United States District Court, N.D. Indiana, South Bend Division
IN RE BIOMET M2a MAGNUM HIP IMPLANT PRODUCTS LIABILITY LITIGATION (MDL 2391)
Biomet et al. This Document Relates to Wohlleber Clifford
Biomet et al. Chapman
Biomet et al. Hughes
Biomet et al. Little
Biomet et al. McGinnis
Biomet et al. Wise
Biomet et al.
OPINION AND ORDER
L. Miller, Jr. Judge
filed motions for summary judgment in seven cases that were
centralized or filed directly into this multidistrict
litigation docket, which addresses personal injury claims
arising from the Biomet M2a and M2a-38 metal-on-metal hip
replacement devices. The parties agree that North Carolina
law provides the rule of decision in each of the cases.
Biomet seeks summary judgment based on North Carolina's
repealed statute of repose, N.C. Gen. Stat. §
on in this multi-district litigation docket, I told the
parties that I intended to leave sticky questions of state
law to the courts that would try the cases, reasoning that
those courts were more familiar than I with the governing
law. My second concern was the delay that would affect all
cases in the docket as I tried to get up to speed on the laws
and doctrines of each state involved in these proceedings.
After fulfilling my own prediction about delay on this
motion, I have concluded that these North Carolina cases
present issues that are best decided by courts more familiar
than I with North Carolina law. These cases will fall into
several judicial laps in the federal courts of North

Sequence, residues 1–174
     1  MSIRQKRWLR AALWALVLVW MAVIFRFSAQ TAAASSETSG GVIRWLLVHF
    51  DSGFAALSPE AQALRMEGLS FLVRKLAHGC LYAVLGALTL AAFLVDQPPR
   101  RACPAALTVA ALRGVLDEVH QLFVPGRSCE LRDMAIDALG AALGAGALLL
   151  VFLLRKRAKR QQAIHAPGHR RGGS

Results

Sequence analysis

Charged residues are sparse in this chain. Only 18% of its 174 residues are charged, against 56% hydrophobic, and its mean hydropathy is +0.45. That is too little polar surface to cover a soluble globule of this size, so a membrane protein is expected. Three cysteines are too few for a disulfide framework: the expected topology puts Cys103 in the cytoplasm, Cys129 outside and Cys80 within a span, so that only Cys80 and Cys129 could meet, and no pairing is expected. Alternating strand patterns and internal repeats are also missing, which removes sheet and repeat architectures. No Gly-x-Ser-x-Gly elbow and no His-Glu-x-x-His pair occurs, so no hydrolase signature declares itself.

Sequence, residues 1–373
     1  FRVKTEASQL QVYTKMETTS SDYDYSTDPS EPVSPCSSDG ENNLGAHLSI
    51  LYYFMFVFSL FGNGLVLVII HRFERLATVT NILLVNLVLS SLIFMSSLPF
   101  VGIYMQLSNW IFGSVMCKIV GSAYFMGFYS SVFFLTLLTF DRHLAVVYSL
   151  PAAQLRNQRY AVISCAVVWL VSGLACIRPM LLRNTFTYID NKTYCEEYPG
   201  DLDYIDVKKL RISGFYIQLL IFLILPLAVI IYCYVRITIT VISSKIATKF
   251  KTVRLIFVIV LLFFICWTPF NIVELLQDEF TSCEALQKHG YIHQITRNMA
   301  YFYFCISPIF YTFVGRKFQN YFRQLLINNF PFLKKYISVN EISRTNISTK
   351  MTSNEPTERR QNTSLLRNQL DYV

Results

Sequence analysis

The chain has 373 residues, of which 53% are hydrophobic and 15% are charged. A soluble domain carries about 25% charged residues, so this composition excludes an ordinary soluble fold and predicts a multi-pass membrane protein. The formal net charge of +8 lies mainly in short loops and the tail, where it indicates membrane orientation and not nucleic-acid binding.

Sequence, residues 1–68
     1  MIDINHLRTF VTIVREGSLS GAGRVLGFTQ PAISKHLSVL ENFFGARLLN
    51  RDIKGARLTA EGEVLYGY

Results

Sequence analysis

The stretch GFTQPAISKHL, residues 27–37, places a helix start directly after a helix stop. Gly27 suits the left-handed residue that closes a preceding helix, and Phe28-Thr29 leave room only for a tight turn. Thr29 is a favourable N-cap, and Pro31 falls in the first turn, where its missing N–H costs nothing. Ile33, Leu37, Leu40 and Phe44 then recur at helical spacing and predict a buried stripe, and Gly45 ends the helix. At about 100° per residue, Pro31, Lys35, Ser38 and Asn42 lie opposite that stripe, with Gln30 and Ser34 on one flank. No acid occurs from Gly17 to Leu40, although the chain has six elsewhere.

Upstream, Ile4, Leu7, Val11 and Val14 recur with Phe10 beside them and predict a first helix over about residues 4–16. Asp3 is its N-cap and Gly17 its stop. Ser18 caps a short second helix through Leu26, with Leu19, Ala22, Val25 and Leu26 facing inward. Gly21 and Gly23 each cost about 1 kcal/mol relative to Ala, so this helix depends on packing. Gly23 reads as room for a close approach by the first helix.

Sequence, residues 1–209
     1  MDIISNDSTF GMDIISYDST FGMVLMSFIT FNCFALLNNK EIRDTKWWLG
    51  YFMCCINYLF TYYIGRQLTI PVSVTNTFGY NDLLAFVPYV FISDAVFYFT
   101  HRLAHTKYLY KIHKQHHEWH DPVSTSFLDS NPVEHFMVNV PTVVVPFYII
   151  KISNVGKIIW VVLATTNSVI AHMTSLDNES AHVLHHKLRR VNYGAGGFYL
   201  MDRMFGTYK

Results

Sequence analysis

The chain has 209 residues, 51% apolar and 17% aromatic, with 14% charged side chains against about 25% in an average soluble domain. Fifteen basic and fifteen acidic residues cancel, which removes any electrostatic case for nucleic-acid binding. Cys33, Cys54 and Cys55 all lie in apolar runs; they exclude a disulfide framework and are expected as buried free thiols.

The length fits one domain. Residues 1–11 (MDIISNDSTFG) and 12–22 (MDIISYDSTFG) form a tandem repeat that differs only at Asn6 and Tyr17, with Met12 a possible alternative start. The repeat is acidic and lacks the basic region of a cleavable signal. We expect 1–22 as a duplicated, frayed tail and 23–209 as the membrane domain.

Carolina, and I believe I owe those judges, as well as the
parties, an explanation as to why I am leaving these issues
2009, the North Carolina General Assembly amended the
applicable statute of repose from a six-year term to a
twelve-year term. In six of the seven cases involved in
these motions, a Biomet M2a-38 device was implanted into the
plaintiff less than six years before that amendment took
effect, and suit was filed more than six, but less than
twelve years after the device was implanted. Biomet contends
that each of the claims was extinguished six years from the
date of implantation. In the seventh case,  suit was filed
more than twelve years after the date of implantation, making
it untimely unless the “disease exception”
discussed later applies.
plaintiffs raise four arguments in opposition to summary
judgment: (1) the statute of repose didn't begin to run
until the revision surgeries showed what was happening to the
plaintffs; (2) equitable tolling in the form of fraudulent
concealment halted the running of the statute of repose; (3)
North Carolina law recognizes a "disease exception"
to the statute of repose, making the statute inapplicable;
and (4) the 2009 amendment extended the statute of repose on
their claims, which hadn't been extinguished before the
amendment took place. I can and will rule on the first and
second of those arguments, but North Carolina law appears (to
me, at least) to be unsettled with respect to the third and
plaintiffs argue that because they couldn't have known
what was happening within the implant areas, the statute of
repose didn't begin to run until their revision surgeries
took place and they found out what was happening to them. As
a general rule - a possible exception is discussed later -
that isn't how North Carolina's statute of repose
works. Some degree of awareness of the injury is required for
a claim to accrue, but the existence or non-existence of a
claim's accrual generally doesn't affect operation of
the statute of repose. Black v. Littlejohn, 325
S.E.2d 469, 474-475 ( N.C. 1985) ("the period contained
in the statute of repose begins when a specific event occurs,
regardless of whether a cause of action has accrued or
whether any injury has resulted."); Bryant v. Don
Galloway Homes, Inc., 556 S.E.2d 597, 600 ( N.C. Ct.